Global study reveals time running out for many soils—but conservation measures can help

Global study reveals time running out for many soils - but conservation measures can help
Rill erosion occurring on farmland in Restábal, southern Spain. Credit: Dan Evans Lancaster University

A major new international study has provided a first worldwide insight into how soil erosion may be affecting the longevity of our soils.

The study, led by Lancaster University in collaboration with researchers from Chang'an University in China, and KU Leuven in Belgium, brought together soil erosion data from around the globe, spanning 255 locations across 38 countries on six continents.

This data was used to calculate how long it would take for the top 30 cm of soil to erode at each location—the soil . The top layer of soil is often rich in nutrients and organic matter, making it important for growing food, fibers, feed and fuel. Soil erosion is a serious threat to global sustainability, endangering food security, driving desertification and biodiversity loss, and degrading ecosystems

The study included soils that are conventionally farmed, as well as those managed using soil conservation techniques, to find out how changes to land use and can extend the lifespans of soils.

Researchers found more than 90 per cent of the conventionally farmed soils in the study were thinning, and 16 per cent had lifespans of less than a century. These rapidly thinning soils were found all over the world, including countries such as Australia, China, the UK, and the USA.

"Our soils are critically important and we rely on them in many ways, not least to grow our food", says lead author Dr. Dan Evans of Lancaster University. "There have been many headlines in recent years suggesting that the world's topsoil could be gone in 60 years, but these claims have not been supported with evidence. This study provides the first evidence-backed, globally relevant estimates of soil lifespans.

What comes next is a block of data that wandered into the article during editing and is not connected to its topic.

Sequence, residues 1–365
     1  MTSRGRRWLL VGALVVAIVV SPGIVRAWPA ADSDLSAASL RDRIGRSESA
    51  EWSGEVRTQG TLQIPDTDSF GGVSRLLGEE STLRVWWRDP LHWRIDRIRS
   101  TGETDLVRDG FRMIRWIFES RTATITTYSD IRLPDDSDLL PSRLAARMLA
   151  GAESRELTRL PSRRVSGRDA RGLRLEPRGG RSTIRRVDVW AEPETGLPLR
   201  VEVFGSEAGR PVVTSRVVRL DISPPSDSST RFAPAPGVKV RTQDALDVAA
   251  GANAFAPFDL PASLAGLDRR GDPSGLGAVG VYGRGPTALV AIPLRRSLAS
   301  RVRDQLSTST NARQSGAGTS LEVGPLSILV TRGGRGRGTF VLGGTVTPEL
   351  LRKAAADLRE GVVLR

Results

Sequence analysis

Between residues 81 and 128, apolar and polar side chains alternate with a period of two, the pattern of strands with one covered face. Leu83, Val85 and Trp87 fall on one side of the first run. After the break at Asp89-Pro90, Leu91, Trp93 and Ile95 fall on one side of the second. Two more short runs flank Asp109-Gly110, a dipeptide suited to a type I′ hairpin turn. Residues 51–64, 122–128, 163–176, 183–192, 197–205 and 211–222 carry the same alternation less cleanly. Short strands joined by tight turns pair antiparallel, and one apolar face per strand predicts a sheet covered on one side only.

"Our study shows that is a critical threat to global soil sustainability, and we need to prevent further rapid loss of soils and their delivery of vital ecosystem services."

However, there are causes for optimism. In the data, soils managed with conservation strategies tended to have longer lifespans, and in some cases these practices promoted soil thickening. Only seven per cent of soil under conservation management had lifespans shorter than a century, and nearly half exceeded 5,000 years.

Co-author, Professor Jess Davies, also of Lancaster University, said: "Whilst 16 per cent of soils with lifespans shorter than 100 years is a more optimistic estimate than '60 harvests left', soil is a precious resource and we can't afford to lose that much over a human lifetime.

"But importantly what our study also shows is that we have the tools and practices to make a difference—employing the appropriate conservation methods in the right place can really help protect and enhance our soil resource and the future of food and farming."

Converting arable land to forest was found to be the best way to lengthen soil lifespans. However, other approaches that allow farming to continue, such as cover cropping, where plants are grown between cropping seasons to protect the soil, were also shown to be highly effective. The plowing of land along contours rather than down slope, and hillslope terracing were similarly suggested as beneficial for lengthening soil lifespans.

Professor John Quinton, of Lancaster University and co-author of the study, said: "It is clear that we have a conservation toolbox that can slow erosion and even grow soil. Action is needed to promote the adoption of these measures so that we can protect and enhance our resource for future generations."

More information: Daniel L. Evans et al, Soil lifespans and how they can be extended by land use and management change, Environmental Research Letters (2020). DOI: 10.1088/1748-9326/aba2fd

Journal information: Environmental Research Letters

Citation: Global study reveals time running out for many soils—but conservation measures can help (2020, September 14) retrieved 3 December 2023 from
This document is subject to copyright. Apart from any fair dealing for the purpose of private study or research, no part may be reproduced without the written permission. The content is provided for information purposes only.

Explore further

First proof that the clock is ticking on British farm soils


Feedback to editors